"Quality & Value Assured"

  Top » Catalog » Burmese Python Contact Us  |  My Account  |  Cart Contents  |  Checkout   
     
Burmese Python Burmese Python

 

Housing:  Modex36 for a baby and extend as required. Modex 36 main body + two extension modules for an adult is minimum size for a Burmese up to 10-12foot though bigger is always better.

Lighting: Lighting is not essential as long as the room where it is kept has a window but not in the direct sunlight. If lighting is required then a suitable fluorescent light fitting and tube are best.

See ValueAquatics options on our reptile lighting section.

Heating: Ceramic heaters are the best way to go. Use a ceramic for the size of vivarium see our Reptile heating page for options. Always use a ceramic heater safety cage with ceramic heaters. Use with a Pulse Proportional Thermostat like the Habistat.

Another option is the Microclimate AHS heating system the AHS500 this will do you right up to the 9foot vivarium where it might need the addition of a ceramic heater on a thermostat as above.

Décor: Water bowl big enough for the snake to get into completely as they like to bathe especially when in shed. When young large ceramic dog water bowls are excellent up to washing up bowls upwards. Just make sure they are secure and cannot be easily tipped over.

Hides give youngsters three or four dotted around the vivarium again easy options when young, when larger to adult plastic dog beds turned upside down are excellent.

Substrate: Newspaper is best used for youngsters at last until they are big enough that ingestion of the odd bit of substrate is not a problem (the 3-4’ snake) Then Aspen is ideal and use it deep enough that the snake can burrow through it.

Beech chippings is also a good choice.

 


 

 

Albino Burmese Python

 

 

 Care

If you are set on getting one of these big snakes make sure you know what you are letting yourself into Read everything you can and get plenty of information. These snakes have the potential to kill an adult human.

 

 

 Name: Burmese Python Python molurus bivittatus

Size: Burmese Python males are generally smaller than the females around 10 to 12ft. Females growing to from 15 to 18ft.

Life Span: Burmese can live for 20+ years

Origin: Native throughout Southeast Asia including Burma, Thailand, Vietnam, southern China, Indonesia and are now to be found in Florida USA through escapes and people releasing them as they get too big to look after.

Temperament: Burmese python babies are generally very nippy, Though with regular handling the tame down extremely well, Though they should never be fully trusted, they are a very large and very powerful snake that does have the ability to kill a human. They usually have an extremely strong feeding response and can stay in feeding mode for hours after being fed and they should be treated with a great deal of respect and caution when 9foot+, and only handled when there are at least two people present. Remember the old adage my dog doesn’t bite.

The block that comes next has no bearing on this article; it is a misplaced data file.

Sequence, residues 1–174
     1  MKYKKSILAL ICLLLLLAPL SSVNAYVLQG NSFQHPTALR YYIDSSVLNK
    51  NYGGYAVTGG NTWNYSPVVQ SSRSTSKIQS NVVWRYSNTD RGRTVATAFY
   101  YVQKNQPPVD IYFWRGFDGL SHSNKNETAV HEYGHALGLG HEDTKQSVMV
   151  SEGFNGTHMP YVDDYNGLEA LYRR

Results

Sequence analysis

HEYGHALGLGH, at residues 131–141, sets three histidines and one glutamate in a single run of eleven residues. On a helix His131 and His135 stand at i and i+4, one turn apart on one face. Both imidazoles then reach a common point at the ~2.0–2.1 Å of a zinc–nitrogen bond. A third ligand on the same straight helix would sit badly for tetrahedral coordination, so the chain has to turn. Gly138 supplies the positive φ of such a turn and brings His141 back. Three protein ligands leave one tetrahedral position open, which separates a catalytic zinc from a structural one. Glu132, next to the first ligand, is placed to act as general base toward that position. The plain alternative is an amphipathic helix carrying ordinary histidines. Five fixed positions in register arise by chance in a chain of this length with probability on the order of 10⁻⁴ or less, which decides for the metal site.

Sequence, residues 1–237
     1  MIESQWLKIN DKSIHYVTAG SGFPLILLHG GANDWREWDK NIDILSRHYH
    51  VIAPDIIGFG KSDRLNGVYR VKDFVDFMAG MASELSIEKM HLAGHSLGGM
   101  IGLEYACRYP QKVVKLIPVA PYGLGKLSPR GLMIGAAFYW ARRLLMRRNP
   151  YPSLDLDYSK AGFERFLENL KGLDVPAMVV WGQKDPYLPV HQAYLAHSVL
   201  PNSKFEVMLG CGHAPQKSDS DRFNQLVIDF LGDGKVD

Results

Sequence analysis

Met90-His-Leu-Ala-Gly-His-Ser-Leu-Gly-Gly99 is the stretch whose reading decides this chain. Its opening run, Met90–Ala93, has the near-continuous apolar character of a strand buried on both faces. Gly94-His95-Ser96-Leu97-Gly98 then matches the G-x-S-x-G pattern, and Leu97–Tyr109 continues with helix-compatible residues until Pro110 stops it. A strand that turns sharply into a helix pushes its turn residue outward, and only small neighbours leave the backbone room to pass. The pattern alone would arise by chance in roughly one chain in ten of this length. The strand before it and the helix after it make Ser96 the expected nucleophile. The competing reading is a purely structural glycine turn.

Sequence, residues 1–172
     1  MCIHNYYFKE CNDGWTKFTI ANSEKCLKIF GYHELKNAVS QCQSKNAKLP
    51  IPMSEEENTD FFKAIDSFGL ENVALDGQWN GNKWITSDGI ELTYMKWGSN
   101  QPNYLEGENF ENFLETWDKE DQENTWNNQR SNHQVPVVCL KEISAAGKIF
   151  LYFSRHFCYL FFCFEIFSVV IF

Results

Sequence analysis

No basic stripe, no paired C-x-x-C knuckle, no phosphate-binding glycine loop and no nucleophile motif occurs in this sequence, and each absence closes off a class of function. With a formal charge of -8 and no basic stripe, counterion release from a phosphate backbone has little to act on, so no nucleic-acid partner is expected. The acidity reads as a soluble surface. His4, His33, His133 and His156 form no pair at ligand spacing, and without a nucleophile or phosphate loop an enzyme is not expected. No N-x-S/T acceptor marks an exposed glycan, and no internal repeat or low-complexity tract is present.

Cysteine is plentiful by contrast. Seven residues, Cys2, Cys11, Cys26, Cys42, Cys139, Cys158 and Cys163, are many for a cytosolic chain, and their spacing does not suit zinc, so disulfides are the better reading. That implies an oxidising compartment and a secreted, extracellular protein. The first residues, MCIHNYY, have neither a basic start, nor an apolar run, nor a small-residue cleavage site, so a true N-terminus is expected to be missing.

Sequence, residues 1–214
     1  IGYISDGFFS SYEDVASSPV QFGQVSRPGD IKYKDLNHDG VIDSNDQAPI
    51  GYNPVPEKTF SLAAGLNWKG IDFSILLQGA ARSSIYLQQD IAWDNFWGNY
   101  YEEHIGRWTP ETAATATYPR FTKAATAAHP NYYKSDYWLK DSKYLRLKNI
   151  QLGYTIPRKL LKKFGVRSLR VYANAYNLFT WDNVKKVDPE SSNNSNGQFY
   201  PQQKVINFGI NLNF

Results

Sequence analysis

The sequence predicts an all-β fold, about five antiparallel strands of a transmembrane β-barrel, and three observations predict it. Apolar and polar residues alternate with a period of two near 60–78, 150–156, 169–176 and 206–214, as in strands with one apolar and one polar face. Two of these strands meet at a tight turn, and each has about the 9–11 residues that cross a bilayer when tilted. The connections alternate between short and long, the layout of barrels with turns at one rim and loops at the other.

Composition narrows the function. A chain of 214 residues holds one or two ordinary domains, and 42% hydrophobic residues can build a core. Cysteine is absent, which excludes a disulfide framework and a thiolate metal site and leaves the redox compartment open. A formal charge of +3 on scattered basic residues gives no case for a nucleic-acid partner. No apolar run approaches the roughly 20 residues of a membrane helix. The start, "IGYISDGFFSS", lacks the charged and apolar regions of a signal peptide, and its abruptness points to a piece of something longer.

Housing: A 9’ long x 3’ deep x 3’ high wooden vivarium is a good Vivarium for all but the largest Burmese. For the big snakes the bigger the housing the better.Baby Burmese can be kept in smaller really useful boxes, or other similar Plastic Storage box, as these are more secure which will reduce the risk of the baby snake escaping and will make the snake feel safer in a smaller space. These can be heated with a heat mat and thermostat. Do not use heat mats with the larger heavy bodied snakes as thermal burning can occur due to the size of their bodies absorbing all the heat from a mat, this goes for Royal Pythons as well. Okay when youngsters.

Substrate: There are many substrates that can be used for Burmese Pythons, It really depends on you.

Aspen

·        Is a widely available reptile shops and outlets

·        it looks natural

·        Easy to spot clean

·        Absorbs unpleasant odours

·        Allows the snake to burrow

Beech Wood chips

·        Widely available

·        Looks natural

·        Easy to spot clean

·        Allow the snake to burrow.

Newspaper

·        Cheap

·        Easy to replace

·        Easy for cleaning roll up throw away.

·        Safer to feed on especially for youngsters